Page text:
As with any discussions surrounding a budget, one must first start with an understanding of the current fiscal environment. Texas is one of the few large states not in debt and is thus dealing with a revenue shortfall rather than a deficit.
As lawmakers amended the $164.5 billion budget, they remained committed to using the money available rather than taxing citizens to pay for more programs. Just as we expect individuals and businesses to adjust their spending habits to their relative income, so we should expect it from our government. Largely due to a decrease in sales tax collection, House members approved a plan decreasing spending by 12.3 percent.
Amendments during the weekend session revolved around moving money from one program to another rather than program expansion. Social conservatives won a big victory by redirecting family planning funds to programs for Autistic children and those with mental health needs. Members also passed amendments shifting funding to prisons and community colleges initially tagged for the public school system.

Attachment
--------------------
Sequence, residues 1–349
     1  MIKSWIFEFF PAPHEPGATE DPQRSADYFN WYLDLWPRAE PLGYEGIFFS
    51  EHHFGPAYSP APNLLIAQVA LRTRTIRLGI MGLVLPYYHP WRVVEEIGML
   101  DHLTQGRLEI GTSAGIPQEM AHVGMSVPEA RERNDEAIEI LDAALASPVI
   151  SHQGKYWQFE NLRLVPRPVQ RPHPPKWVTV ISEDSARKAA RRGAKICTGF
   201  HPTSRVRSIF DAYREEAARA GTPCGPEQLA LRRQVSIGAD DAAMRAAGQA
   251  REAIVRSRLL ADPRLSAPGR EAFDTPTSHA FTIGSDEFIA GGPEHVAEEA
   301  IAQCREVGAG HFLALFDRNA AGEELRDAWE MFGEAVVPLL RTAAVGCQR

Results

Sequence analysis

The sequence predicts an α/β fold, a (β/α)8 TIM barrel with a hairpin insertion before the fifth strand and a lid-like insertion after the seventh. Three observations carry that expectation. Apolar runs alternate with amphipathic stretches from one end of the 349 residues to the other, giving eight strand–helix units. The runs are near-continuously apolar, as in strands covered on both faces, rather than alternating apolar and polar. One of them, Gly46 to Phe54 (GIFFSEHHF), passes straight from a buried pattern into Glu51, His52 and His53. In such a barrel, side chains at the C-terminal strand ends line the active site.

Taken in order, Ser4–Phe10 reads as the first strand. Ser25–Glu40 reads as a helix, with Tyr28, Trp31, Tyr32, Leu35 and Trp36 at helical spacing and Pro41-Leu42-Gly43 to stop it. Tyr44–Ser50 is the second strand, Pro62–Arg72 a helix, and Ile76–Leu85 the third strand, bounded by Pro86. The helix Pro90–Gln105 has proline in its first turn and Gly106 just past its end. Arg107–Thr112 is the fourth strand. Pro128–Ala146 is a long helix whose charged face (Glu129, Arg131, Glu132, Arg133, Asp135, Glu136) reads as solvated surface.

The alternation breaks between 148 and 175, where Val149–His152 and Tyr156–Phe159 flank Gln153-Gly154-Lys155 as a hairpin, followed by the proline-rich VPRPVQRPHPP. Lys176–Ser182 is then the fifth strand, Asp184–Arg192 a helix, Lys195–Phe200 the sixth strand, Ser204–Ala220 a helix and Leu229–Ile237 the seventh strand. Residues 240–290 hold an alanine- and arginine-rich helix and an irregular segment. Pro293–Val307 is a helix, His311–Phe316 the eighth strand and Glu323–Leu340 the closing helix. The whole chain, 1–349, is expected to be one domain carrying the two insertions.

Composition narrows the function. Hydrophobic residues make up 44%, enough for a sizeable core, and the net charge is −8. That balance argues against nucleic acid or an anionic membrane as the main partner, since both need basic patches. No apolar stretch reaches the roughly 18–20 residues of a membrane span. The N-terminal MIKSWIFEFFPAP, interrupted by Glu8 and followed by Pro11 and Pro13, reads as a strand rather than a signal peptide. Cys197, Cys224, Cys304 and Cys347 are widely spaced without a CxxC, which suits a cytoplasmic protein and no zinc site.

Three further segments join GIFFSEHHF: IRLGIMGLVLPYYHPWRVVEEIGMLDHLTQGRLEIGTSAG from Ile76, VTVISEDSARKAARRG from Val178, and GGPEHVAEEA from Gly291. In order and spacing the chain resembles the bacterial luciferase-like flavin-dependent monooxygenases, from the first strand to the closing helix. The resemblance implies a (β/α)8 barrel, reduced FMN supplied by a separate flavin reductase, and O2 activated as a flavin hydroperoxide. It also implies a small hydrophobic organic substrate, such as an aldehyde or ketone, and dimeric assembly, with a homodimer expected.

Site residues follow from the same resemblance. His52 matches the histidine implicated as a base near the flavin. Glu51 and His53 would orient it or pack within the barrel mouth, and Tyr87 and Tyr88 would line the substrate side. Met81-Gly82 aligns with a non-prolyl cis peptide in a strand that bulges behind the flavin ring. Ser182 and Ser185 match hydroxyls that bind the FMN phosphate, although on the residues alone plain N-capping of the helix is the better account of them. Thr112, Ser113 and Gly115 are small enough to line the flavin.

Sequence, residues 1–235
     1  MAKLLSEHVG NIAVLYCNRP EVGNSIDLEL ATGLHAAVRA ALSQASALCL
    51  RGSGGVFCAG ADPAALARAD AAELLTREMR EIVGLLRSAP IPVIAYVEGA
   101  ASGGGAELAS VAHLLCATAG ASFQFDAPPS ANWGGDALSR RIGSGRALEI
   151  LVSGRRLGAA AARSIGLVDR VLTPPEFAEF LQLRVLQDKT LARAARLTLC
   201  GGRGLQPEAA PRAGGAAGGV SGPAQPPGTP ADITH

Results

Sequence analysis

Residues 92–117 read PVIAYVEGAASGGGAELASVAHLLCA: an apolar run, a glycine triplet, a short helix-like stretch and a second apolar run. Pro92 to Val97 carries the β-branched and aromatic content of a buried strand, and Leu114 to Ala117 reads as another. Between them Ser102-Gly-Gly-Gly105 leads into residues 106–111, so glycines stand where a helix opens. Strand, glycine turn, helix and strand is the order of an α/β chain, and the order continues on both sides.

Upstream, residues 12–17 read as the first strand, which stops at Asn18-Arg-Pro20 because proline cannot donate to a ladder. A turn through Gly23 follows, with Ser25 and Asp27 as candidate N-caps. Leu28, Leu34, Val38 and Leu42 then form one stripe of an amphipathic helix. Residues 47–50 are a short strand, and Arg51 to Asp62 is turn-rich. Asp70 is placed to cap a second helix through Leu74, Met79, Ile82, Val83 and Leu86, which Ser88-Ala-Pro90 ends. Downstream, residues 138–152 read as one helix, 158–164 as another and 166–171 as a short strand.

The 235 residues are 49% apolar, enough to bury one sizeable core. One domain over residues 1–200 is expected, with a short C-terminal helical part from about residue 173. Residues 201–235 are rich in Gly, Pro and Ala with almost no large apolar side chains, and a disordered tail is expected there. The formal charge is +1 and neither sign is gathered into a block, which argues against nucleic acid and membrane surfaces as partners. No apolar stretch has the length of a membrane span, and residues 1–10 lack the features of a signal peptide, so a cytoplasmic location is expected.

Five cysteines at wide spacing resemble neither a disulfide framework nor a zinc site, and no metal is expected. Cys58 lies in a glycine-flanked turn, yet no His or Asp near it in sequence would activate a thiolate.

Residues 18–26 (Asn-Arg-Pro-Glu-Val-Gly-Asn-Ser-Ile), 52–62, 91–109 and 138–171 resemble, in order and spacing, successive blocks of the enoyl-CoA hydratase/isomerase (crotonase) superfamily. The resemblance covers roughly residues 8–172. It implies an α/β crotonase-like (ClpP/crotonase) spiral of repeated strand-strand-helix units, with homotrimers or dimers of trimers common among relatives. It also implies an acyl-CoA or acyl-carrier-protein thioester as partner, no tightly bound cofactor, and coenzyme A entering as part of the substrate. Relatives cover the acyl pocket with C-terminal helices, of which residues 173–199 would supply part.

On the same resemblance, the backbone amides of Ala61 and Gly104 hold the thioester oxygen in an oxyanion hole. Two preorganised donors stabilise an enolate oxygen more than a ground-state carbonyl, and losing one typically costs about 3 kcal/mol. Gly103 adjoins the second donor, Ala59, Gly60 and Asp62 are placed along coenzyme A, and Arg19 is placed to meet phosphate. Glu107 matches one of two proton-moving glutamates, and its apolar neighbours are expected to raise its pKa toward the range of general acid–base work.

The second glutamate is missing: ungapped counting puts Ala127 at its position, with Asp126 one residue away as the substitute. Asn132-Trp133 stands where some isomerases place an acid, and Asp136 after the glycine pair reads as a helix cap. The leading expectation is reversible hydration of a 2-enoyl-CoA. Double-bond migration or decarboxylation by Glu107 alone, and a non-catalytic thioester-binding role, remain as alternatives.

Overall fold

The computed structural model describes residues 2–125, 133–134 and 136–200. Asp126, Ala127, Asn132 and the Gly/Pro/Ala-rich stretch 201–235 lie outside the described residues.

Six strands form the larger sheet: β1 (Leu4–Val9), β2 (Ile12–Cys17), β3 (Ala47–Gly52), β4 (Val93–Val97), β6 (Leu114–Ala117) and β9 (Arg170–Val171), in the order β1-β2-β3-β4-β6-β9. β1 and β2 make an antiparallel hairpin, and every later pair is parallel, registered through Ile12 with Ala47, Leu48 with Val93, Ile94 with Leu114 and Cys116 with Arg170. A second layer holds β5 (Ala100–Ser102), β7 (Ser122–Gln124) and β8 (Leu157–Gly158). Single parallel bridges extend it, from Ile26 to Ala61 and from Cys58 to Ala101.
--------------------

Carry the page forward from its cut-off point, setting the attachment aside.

Not only was the budget passed without new taxes, but $100 million in possible fees was also stripped from the bill. An amendment passed to prevent agencies from increasing fees without enabling legislation. The fees were converted to contingent riders, each requiring individual legislative approval.
The Senate will now take its turn at using the available revenue to fund essential services in the state. They have already signaled a willingness to increase spending by $10 billion over the next biennium. If a compromise cannot be reached during the conference committee, lawmakers will be forced to meet in special session after the Governor’s veto period.
Until next week,
Julie Drenner, Texas Director